** Boys' Youth Group Uniforms : countries North America

Boys' Youth Group Uniforms: North America

Figure 1.--These American Scouts are partixipating in the annual Scout Expo in 1983. Scours in the Great Capital area prepare booths and activities both for fun and to provide a glimse of Scouting acyivities.

Americans began organizing youth groups at about the same time as Baden Powell founded the Boy Scouts. When the Boy Scouts were founded, these groups were incorporated into the American Boy Scouts. Since its founding, the Scouts have been the dominant American youth organization. America has the largest Scout movement and more American boys have participated in Scouting than in any other country--reflecying thev middle class origins of most Americans. There are other youth organizations in America, but all are minor in comparison to the Scouts. Scouting is also the principal youth group in Canada. Canadian scouting has generally followed the British model.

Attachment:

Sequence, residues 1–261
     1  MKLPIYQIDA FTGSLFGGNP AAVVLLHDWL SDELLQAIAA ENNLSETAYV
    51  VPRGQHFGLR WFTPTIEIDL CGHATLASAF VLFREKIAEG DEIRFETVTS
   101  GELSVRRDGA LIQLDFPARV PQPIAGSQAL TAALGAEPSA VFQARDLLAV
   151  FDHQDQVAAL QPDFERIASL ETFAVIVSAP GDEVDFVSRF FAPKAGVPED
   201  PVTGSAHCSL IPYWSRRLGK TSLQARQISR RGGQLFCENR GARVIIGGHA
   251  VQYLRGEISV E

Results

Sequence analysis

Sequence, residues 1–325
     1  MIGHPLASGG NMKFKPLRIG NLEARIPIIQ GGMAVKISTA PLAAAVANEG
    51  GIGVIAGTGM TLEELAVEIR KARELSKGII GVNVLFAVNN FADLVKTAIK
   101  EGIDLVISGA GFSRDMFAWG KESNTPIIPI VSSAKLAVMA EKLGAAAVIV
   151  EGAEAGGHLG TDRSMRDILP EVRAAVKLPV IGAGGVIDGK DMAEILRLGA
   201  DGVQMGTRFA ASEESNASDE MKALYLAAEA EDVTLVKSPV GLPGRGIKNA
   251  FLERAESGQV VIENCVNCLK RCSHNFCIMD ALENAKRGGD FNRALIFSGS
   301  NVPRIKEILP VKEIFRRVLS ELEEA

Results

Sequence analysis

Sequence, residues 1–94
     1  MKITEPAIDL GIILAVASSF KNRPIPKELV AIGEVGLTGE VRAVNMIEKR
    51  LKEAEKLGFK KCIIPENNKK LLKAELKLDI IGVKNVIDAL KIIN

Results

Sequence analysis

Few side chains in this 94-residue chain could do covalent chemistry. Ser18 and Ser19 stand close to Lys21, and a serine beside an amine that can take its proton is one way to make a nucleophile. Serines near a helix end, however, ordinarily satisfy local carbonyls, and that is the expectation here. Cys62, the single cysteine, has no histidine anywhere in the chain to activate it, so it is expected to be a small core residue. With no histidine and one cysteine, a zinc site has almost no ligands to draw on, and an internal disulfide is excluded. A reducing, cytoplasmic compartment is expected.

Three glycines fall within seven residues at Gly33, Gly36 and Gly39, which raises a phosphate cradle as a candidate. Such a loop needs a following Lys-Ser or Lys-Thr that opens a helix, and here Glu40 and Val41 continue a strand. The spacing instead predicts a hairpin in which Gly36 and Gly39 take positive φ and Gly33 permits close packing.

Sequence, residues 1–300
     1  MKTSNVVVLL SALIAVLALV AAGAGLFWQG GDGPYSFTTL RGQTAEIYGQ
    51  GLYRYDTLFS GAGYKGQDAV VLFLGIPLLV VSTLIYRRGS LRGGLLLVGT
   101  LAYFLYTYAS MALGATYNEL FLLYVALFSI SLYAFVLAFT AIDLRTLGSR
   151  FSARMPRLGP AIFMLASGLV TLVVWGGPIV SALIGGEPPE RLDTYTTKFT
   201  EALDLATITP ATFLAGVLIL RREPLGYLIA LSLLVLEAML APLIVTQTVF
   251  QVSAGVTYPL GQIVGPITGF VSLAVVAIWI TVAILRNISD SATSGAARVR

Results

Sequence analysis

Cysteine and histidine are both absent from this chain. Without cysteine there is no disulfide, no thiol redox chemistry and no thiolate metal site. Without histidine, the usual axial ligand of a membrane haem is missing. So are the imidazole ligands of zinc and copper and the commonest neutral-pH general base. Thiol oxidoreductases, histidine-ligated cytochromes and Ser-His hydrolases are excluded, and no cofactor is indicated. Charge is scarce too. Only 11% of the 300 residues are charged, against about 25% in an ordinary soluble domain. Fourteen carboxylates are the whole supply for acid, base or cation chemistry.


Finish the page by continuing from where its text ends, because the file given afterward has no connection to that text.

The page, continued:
Bermuda has a small Scouting program which is the most impottant uniformed youth group. There may also be a small Boys' Brigade program.


The only Canadioan youth group that we have information on at this time is the Boy Scouts which were founded in 1907. Canadian Scouts adopted Baden Powell's British Scouting program. The Scouts as in many countries was the principal boys uniformed youth group. As Canada was a British Empire country, there must have also been a Boys' Brigade program, but we do not yet have aby infornation about it.

United States

Scouting in the principal American youth group in America. The American Scouting movement was stongly influenced by Baden Powell's English Scouts, but there were several Scout-like groups which formed in Americam before the Enlish Scouting movement was formed. After Scouting became the dominate movement in the 1900s. One of the most important was Camp Fire. Religious groups, objecting to the secular, non denominational constraints of Scoting formed the royal rangers. Right and left wing groups also formed uouth groups of some importance, primarily in the 1930s.


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Created: August 29, 2000
Last updated: 3:16 AM 1/18/2008